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Research Workshop: Primary Sources from the Third Reich and its Aftermath


Admission requirements

This course is part of the (Res)MA History Programme. Students from within the specialization the course belongs to have right of way. It is not accessible for BA students.


A common view of culture in nazi Germany holds that Adolf Hitler, together with Propaganda Minister Joseph Goebbels, controlled all cultural manifestations of artistic creation and established rigid guidelines of what was acceptable or unacceptable. In recent years, this view has become the focus of serious academic criticism. Scholars, like the musicologist Pamela Potter, have argued that there is a fundamental difference between ‘what is known’ and ‘what is believed’ about the nature and politics of culture in the Third Reich.

During this workshop, we will closely examine the common, traditional view of culture in the Third Reich by going back to the sources. How important were the ideological manuscripts written by prominent nazi leaders for the politics of culture during this time? To what extent were they able to define typical nazi characteristics of culture? How did Jewish artists respond to antisemetic legislation? What motivated the cultural elite to support or detest Hitler and the NSDAP? Moreover, how did they justify their actions after the Second World War? In order to answer these questions, we will analyse a variety of primary sources from the Third Reich and its aftermath, including books, speeches, diaries, memoirs, government documents, oral-history interviews, as well as auditory and visual documents, and reflect on their characteristics, opportunities, and limitations.

The focus of this workshop is German history. Sources used will be partly in German language. Therefore, passive knowledge of the German language is beneficial. However, it will be possible to study primary sources from other countries and/or in other languages.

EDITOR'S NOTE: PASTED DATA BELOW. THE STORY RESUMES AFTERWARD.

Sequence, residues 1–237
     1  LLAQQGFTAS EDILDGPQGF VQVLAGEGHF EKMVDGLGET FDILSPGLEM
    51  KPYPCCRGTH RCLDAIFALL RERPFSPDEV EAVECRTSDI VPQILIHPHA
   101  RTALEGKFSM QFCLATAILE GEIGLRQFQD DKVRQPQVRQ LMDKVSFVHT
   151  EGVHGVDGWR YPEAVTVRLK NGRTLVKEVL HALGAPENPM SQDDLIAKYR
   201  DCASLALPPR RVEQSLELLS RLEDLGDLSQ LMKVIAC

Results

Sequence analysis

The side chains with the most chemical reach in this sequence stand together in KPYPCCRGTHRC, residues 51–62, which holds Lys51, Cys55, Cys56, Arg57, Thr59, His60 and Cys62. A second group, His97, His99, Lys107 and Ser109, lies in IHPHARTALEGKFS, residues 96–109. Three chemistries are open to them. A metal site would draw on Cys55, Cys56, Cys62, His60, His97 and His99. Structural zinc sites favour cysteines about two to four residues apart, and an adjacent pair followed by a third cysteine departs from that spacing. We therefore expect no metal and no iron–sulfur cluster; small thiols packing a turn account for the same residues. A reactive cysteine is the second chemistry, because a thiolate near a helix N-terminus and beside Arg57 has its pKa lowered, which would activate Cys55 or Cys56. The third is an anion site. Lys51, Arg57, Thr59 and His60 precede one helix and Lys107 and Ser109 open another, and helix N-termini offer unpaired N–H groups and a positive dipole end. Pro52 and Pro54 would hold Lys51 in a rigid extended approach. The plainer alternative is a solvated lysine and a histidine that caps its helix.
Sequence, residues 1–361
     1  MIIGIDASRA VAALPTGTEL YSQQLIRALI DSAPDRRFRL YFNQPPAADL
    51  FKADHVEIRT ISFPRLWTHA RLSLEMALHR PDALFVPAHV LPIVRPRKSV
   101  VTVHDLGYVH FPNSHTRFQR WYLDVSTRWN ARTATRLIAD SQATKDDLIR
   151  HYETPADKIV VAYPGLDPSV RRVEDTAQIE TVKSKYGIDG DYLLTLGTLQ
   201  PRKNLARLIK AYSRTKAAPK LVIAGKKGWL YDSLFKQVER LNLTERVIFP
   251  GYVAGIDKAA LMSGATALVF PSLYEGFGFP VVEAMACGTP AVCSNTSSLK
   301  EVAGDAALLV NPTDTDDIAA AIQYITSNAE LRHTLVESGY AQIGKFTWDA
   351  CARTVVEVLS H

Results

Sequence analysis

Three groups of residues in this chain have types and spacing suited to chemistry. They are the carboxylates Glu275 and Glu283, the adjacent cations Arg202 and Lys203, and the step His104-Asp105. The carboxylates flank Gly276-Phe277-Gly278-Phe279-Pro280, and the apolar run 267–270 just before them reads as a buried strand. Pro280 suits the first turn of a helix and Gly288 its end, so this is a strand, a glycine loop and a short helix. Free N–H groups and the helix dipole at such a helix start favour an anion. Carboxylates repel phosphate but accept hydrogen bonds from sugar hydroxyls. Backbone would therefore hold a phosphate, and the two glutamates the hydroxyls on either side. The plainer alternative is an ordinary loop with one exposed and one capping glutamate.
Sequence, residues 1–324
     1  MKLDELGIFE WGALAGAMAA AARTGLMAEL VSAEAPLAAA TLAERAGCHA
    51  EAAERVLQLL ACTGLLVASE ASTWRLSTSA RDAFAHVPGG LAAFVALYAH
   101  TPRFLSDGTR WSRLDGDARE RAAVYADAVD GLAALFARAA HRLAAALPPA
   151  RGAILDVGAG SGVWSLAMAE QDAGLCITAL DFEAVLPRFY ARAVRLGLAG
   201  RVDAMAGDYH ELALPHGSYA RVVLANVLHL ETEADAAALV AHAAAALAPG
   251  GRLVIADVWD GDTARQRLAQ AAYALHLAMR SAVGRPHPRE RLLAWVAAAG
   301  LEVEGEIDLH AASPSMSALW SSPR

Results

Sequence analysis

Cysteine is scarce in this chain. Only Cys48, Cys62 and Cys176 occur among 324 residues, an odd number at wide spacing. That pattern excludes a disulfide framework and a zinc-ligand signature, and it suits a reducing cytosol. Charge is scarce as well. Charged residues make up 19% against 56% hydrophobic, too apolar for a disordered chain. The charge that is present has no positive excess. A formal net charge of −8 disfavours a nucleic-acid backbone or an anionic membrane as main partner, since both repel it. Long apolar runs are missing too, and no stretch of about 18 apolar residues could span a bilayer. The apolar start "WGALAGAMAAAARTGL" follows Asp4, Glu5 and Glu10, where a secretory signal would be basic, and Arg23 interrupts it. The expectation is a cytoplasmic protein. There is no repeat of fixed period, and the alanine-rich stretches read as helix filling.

No initial exam.

Course objectives

General learning objectives

The student has acquired:

  1. The ability to independently identify and select sources, using traditional and modern techniques;

  2. The ability to analyse and evaluate a corpus of sources with a view to addressing a particular historical problem;

  3. The ability to independently formulate a clear and well-argued research question, taking into account the theory and method of the field and to reduce this question to accessible and manageable sub-questions;

  4. The ability to independently set up and carry out an original research project that can make a contribution to existing scholarly debates;

  5. The ability to give a clear and well-founded oral and written report on research results in correct English, when required, or Dutch, meeting the criteria of the discipline;

  6. The ability to participate in current debates in the specialisation;

  7. The ability to provide constructive feedback to and formulate criticism of the work of others and the ability to evaluate the value of such criticism and feedback on one’s own work and incorporate it;

  8. (ResMA only:) The ability to participate in a discussion of the theoretical foundations of the discipline.

Learning objectives, pertaining to the specialisation

The student has acquired:

  1. Thorough knowledge and comprehension of one of the specialisations or subtracks as well as of the historiography of the specialisation, focusing particularly on the following; in the specialisation Politics, Culture and National Identities, 1789 to the Present: political practices, symbols and perceptions, nationalism, and national identities in a cultural and societal context from 1800;